LIFESTYLE

Smoking Is The 'Single Largest Factor' Making People With Mental Health Conditions Die Younger

'People need specialised, longer term support.'

13/04/2016 00:05

For years we've known that people with mental health conditions die 10-20 years earlier on average than the general population.

Now, scientists have identified smoking as the "single largest factor" for this shocking difference in life expectancy. 

“We know that people with a mental health condition are just as likely to want to stop smoking as other smokers. But this can be much harder if, for example, you are using smoking as a coping mechanism," Brian Dow, director of external affairs at Rethink Mental Illness commented. 

"This is why people need specialised, longer term support. There is no quick fix for smoking and mental health. We need to work across mental and physical health services, and social care, to empower people to become smoke free." 

Photo by Sabina Dimitriu via Getty Images

The new report, created by Action on Smoking and Health (ASH) and endorsed by 27 health and mental health organisations, highlights that around one third of adult tobacco consumption is by people with a current mental health condition.

Smoking rates among people with mental health conditions are more than double that of the general population.

Commenting on the findings, Paul Farmer, chief executive of the mental health charity Mind, told The Huffington Post UK: "The relationship between smoking and mental ill health is an issue that we’ve long known about.

"Mental health services are on the path to becoming smoke-free by 2018, a move which will bring them in line with physical health services.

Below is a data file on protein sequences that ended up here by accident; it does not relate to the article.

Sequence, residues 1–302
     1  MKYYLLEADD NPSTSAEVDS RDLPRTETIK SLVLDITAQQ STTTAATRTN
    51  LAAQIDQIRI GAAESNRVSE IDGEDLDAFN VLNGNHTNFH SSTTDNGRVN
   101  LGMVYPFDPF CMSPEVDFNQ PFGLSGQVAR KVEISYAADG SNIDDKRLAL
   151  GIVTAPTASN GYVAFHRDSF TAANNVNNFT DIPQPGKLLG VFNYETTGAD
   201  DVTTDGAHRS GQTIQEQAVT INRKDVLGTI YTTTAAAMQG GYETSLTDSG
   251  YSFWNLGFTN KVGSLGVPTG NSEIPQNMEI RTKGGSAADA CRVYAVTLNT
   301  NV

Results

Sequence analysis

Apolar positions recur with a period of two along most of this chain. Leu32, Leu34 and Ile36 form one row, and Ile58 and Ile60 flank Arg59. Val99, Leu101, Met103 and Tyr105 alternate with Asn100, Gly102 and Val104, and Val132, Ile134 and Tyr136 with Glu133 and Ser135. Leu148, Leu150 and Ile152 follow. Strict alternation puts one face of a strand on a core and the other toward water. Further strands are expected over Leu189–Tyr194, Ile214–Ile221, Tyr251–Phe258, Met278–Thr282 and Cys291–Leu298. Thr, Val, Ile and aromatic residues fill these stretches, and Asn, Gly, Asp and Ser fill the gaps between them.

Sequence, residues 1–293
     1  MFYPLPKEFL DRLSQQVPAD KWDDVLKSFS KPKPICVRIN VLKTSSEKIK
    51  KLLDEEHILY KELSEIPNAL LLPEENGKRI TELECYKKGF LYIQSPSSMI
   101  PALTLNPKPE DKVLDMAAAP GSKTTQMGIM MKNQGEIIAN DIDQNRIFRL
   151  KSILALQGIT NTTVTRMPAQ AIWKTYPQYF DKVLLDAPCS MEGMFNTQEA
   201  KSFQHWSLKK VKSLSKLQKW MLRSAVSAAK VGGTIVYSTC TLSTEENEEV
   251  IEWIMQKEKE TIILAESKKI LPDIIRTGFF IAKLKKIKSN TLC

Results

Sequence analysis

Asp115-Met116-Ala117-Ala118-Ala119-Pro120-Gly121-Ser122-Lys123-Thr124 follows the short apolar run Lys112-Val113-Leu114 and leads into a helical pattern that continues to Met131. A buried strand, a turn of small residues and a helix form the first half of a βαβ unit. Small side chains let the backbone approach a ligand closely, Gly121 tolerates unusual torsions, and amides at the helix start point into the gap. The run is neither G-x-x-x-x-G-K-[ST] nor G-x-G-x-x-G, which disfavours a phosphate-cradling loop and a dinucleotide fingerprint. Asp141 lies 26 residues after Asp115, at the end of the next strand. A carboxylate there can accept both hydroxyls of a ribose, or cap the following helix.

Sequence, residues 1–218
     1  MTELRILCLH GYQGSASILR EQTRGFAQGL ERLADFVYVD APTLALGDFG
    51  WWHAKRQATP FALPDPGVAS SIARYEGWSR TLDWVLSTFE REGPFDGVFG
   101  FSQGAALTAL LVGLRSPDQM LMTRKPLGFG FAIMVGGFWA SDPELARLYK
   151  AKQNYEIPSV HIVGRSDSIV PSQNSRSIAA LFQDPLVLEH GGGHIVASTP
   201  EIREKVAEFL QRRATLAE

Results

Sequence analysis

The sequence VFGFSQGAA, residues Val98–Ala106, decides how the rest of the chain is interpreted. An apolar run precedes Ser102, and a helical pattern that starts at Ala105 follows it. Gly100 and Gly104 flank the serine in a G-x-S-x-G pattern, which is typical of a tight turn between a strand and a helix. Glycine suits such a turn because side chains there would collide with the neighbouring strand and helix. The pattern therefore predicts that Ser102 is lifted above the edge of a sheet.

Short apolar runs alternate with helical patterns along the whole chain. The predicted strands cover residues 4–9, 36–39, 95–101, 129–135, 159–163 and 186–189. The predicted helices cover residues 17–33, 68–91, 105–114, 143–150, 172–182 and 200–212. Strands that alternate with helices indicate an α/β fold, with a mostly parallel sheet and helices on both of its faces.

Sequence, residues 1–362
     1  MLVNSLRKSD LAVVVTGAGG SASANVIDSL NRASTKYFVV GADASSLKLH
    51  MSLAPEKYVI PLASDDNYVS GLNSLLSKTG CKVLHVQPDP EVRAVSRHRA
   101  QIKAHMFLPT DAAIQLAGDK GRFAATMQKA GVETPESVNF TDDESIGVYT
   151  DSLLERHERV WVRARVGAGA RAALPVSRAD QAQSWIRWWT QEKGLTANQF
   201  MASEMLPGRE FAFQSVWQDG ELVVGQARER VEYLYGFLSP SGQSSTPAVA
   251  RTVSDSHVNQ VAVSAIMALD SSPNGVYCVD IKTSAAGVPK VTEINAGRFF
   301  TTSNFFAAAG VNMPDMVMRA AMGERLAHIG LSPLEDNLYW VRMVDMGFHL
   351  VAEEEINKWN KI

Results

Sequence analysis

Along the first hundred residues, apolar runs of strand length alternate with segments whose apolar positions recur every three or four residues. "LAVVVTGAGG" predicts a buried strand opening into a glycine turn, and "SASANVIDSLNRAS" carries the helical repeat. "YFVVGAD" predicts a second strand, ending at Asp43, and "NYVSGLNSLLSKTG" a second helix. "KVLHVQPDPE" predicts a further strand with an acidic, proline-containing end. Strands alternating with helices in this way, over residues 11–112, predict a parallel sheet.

"For this process to be effective, however, it has to be done in the right way with proper support given to all those affected by the changes. We welcome the emphasis in the report on how to do this."

The study authors have also called for more specialist support to help people affected by mental illness quit smoking.  

Paul Burstow, former Health Minister and chair of the Tavistock and Portman Mental Health Trust and chair of the report said: "It is time to challenge the idea that smoking amongst people with mental health conditions is either inevitable or intractable: it is not. 

"With a determined and collective effort we can save millions of people from early death and avoid years of life being blighted by heart and lung diseases, stroke and cancer."

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Smoking not only affects people’s health but also their wealth. New research conducted by the University of Nottingham as part of the report shows the contribution smoking is making to pushing people with a mental health condition into poverty.

It estimates that a million people with a "common mental health condition" are living in poverty and also smoke. Meanwhile a further 130,000 people are pushed into poverty once their spending on tobacco is taken into account. 

Deborah Arnott, chief executive of ASH said: "The appalling gap in life expectancy between those with a mental health condition and the general population is unacceptable.

"Not only are high rates of smoking contributing to a widening gap in health, but also in wealth, with thousands of people pushed into poverty due to their expenditure on tobacco.

"To reverse these trends professionals in every part of the health and social care system must work together."

 

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